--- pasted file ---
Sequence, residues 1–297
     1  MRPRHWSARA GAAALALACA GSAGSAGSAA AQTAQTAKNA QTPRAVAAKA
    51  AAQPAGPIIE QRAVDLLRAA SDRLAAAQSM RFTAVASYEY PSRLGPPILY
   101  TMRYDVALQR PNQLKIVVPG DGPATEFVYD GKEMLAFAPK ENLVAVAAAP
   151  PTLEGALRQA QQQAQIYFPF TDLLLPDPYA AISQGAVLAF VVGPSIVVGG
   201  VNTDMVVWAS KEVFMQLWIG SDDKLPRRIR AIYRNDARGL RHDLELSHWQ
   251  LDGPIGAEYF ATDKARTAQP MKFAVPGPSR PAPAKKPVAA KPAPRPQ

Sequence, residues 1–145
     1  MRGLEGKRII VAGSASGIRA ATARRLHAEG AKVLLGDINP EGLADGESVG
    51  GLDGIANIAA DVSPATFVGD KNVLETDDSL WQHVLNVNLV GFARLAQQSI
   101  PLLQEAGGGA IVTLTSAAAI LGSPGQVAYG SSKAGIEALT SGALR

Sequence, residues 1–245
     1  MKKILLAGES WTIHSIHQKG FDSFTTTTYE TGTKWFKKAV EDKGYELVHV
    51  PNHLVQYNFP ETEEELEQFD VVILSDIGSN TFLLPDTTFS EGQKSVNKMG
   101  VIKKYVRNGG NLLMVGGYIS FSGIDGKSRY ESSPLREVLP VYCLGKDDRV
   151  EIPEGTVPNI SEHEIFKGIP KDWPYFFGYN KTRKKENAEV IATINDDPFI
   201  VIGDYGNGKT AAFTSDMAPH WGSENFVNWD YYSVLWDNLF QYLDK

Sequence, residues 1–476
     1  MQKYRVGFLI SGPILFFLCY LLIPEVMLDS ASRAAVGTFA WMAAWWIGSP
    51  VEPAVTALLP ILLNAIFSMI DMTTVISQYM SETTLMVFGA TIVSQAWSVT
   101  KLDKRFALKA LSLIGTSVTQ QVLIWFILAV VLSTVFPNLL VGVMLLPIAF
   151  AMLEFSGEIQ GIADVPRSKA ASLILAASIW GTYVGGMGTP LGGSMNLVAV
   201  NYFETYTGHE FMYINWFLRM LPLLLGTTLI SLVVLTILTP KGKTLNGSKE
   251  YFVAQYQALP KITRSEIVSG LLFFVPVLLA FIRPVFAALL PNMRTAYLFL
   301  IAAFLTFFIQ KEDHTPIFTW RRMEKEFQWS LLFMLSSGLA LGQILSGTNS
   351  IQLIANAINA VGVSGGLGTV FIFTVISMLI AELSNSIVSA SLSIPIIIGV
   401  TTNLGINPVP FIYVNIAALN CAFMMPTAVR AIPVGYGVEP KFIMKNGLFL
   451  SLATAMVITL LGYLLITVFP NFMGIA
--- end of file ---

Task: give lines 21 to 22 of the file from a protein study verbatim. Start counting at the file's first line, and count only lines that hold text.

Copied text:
   101  KLDKRFALKA LSLIGTSVTQ QVLIWFILAV VLSTVFPNLL VGVMLLPIAF
   151  AMLEFSGEIQ GIADVPRSKA ASLILAASIW GTYVGGMGTP LGGSMNLVAV